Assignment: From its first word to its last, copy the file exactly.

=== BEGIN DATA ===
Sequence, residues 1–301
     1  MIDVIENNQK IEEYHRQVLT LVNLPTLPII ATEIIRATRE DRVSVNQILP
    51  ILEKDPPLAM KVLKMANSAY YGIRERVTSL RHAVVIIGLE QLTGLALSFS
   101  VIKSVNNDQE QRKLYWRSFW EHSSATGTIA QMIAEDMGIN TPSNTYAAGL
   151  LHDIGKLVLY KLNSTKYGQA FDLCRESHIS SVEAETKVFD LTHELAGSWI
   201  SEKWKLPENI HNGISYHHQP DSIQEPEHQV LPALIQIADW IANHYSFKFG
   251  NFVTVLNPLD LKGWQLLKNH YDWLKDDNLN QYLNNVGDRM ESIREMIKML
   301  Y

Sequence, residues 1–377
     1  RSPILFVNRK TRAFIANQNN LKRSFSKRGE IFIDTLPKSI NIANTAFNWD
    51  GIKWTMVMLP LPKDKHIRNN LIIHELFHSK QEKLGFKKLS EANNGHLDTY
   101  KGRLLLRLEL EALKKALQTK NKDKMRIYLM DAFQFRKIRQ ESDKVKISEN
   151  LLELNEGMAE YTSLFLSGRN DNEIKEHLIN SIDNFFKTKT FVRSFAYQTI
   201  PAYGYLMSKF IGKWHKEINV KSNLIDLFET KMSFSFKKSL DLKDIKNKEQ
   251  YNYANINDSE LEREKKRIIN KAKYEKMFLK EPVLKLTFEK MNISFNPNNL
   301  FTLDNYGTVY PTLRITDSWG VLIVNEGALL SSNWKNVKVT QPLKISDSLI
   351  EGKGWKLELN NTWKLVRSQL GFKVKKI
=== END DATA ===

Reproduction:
Sequence, residues 1–301
     1  MIDVIENNQK IEEYHRQVLT LVNLPTLPII ATEIIRATRE DRVSVNQILP
    51  ILEKDPPLAM KVLKMANSAY YGIRERVTSL RHAVVIIGLE QLTGLALSFS
   101  VIKSVNNDQE QRKLYWRSFW EHSSATGTIA QMIAEDMGIN TPSNTYAAGL
   151  LHDIGKLVLY KLNSTKYGQA FDLCRESHIS SVEAETKVFD LTHELAGSWI
   201  SEKWKLPENI HNGISYHHQP DSIQEPEHQV LPALIQIADW IANHYSFKFG
   251  NFVTVLNPLD LKGWQLLKNH YDWLKDDNLN QYLNNVGDRM ESIREMIKML
   301  Y

Sequence, residues 1–377
     1  RSPILFVNRK TRAFIANQNN LKRSFSKRGE IFIDTLPKSI NIANTAFNWD
    51  GIKWTMVMLP LPKDKHIRNN LIIHELFHSK QEKLGFKKLS EANNGHLDTY
   101  KGRLLLRLEL EALKKALQTK NKDKMRIYLM DAFQFRKIRQ ESDKVKISEN
   151  LLELNEGMAE YTSLFLSGRN DNEIKEHLIN SIDNFFKTKT FVRSFAYQTI
   201  PAYGYLMSKF IGKWHKEINV KSNLIDLFET KMSFSFKKSL DLKDIKNKEQ
   251  YNYANINDSE LEREKKRIIN KAKYEKMFLK EPVLKLTFEK MNISFNPNNL
   301  FTLDNYGTVY PTLRITDSWG VLIVNEGALL SSNWKNVKVT QPLKISDSLI
   351  EGKGWKLELN NTWKLVRSQL GFKVKKI